Algae study recognized for high impact among UF/IFAS research
The UF/IFAS Research Dean’s Office is recognizing former undergraduate student Rebecca O’Connell and Soil and Water Sciences research professor Dr. Ann Wilkie for their research paper. The article they co-authored, “Comparing Harvest Productivity of the Filamentous Alga Oedogonium with Microalgae,” was selected as a 2019 high impact paper. Their work is one of eight selected from among more than 1,500 articles published by IFAS researchers in 2019. The recognition celebrates the very significant and important impact UF/IFAS research is having on advancing science and addressing important societal needs.
“This is a great honor for Ann and Rebecca,” said Dr. Matt Whiles, chair of the Soil and Water Sciences Department. “It also showcases the variety of research we do as a department that stretches across all ecosystems. I am particularly excited about this paper because the primary author is one of our undergraduate students.”
The research examines the opportunities filamentous algae present as a “fixer” for the environment and how they can be a resource in many other ways.
“Photosynthetic algae have exceptional potential for remediating waste resources and transforming solar energy into vital carbon-based resources, including foods, fibers, feeds, fertilizers, pharmaceuticals, and biofuels,” said O’Connell, who earned a B.S. in environmental science from the UF/IFAS School of Natural Resources and Environment in May 2019.
Algal cultivation is not restricted to arable land or potable water. That allows creative use of marginal lands, saline aquifers, wastewaters, and oceans for bioresource production. Using waste resources decreases environmental burdens and eliminates the need for adding synthetic nutrients to produce algae.
“The growth rate of algae greatly exceeds that of other photosynthetic organisms,” O’Connell added. “Cultivation of algae also has significant potential to capture CO2 and reduce greenhouse gas emissions.”
Filamentous algae show promise as an optimal species for cultivation due to the relative ease of harvesting their long thin filaments compared to the smaller cells of microalgae. This research project compared the harvesting productivity of the filamentous alga Oedogonium with two established microalgae cultures. The research demonstrates that Oedogonium is efficient at carbon capture and biomass production due to its high productivity rates relative to microalgae.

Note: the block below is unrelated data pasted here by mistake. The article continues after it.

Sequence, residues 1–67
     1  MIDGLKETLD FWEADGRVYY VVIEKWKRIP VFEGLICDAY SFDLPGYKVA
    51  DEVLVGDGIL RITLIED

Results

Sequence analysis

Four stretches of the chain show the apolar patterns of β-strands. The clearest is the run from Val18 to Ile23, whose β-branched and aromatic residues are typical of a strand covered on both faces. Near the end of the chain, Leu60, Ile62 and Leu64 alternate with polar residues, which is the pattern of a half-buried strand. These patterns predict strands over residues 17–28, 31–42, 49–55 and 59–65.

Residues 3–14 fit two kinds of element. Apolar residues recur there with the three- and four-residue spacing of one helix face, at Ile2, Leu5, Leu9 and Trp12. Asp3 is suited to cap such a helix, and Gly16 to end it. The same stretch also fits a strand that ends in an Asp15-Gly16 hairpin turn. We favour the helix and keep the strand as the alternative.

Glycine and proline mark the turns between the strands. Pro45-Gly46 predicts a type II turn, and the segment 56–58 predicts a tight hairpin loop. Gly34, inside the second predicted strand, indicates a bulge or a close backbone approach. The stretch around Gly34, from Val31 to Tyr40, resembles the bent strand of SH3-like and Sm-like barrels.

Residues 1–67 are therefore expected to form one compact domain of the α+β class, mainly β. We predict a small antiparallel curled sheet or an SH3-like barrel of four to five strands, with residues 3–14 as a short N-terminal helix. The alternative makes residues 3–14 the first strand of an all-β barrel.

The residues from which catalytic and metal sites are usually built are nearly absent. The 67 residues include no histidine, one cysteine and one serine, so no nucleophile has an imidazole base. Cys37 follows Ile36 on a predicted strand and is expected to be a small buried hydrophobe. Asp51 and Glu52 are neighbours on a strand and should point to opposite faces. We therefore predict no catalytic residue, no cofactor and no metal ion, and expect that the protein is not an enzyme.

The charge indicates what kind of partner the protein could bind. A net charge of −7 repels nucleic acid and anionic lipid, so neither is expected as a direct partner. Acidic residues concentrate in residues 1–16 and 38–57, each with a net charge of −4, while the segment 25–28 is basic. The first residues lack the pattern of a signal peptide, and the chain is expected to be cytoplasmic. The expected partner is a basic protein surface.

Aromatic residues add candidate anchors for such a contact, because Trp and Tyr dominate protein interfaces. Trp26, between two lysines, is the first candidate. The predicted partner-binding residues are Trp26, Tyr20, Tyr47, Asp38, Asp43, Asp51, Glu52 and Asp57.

Wilkie says their paper has high impact not only because of the scholarly quality of the research but because the paper and the research were the result of an undergraduate research experience. “Supervised research benefits undergraduate students by helping them learn how scientists think, discovering how to overcome challenges, and learning about careers in science,” Wilkie added.
“During this research, Rebecca learned new lab skills in sampling and microscopy, successfully performed a series of experiments, compiled and analyzed the data, wrote an honors thesis, presented posters at research symposia, and published this quality article,” explained Wilkie.
The UF Journal of Undergraduate Research published the article. You can find the full article HERE. The research was conducted as part of the College of Agricultural and Life Sciences’ University Scholars Program (USP) and the experiential learning course SWS 4911: Supervised Research in Soil and Water Sciences. The studies took place at Wilkie’s UF/IFAS Bioenergy and Sustainable Technology Laboratory.